While he supports free enterprise in the mortgage market, former Ginnie Mae President Joseph Murin, in a blog on housingwire, says without the federal guarantee offered by the Federal Housing Administration, the Department of Agriculture and Veterans Administration mortgages, the U. S. economy may have fallen farther than it did. Ginnie Mae grew during the Great Recession as Freddie Mac, Fannie Mae (the government-sponsored enterprises, or GSEs) and private markets tightened their lending standards.
Less than a year ago nearly 80 percent of new mortgages were backed by a government guarantee. To suddenly remove the GSEs and Ginnie Mae would be disastrous; to remove it slowly over time does not guarantee that private markets would necessarily pick up the slack. Murin says, “Without the government guarantee, our housing industry would be left to the whims of a private market. We’ve already seen what private markets tend to do in times of economic crisis or hardship: they hunker down and mitigate risk.”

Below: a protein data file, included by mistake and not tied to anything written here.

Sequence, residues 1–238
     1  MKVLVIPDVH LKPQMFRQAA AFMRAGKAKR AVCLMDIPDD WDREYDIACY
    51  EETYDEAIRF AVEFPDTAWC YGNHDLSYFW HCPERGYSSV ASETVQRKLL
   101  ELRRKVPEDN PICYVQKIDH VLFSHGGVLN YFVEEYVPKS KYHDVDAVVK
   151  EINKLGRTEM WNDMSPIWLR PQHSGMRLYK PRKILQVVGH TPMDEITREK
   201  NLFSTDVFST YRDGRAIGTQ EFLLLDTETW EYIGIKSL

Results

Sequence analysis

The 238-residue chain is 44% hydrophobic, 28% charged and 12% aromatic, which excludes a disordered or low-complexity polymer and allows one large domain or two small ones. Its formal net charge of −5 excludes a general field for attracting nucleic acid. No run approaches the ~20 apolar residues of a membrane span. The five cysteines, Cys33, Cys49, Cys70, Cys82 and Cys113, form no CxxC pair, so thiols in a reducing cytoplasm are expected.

If the backstops did not exist, and the relatively uniform underwriting and origination standards the GSEs bring to the table disappeared, investors would become much more skittish on the secondary market. As MHProNews understands, the number of lenders (especially for smaller loans) would decline and fewer consumers would be buying homes because the cost of mortgages would inflate.
Murin realizes the GSEs need some changes, and taxpayers need to be protected from mortgage industry collapse and bailouts. But, he says, “Unless we, as a nation, have turned our back on the American Dream and the ideal that most (if not all) Americans should have access to affordable homes, we need to maintain, in large part, the role of the GSEs and Ginnie in that dream.” ##
(Photo credit: yahoo–Joseph Murin)
Article submitted by Matthew J. Silver to Daily Business News-MHProNews.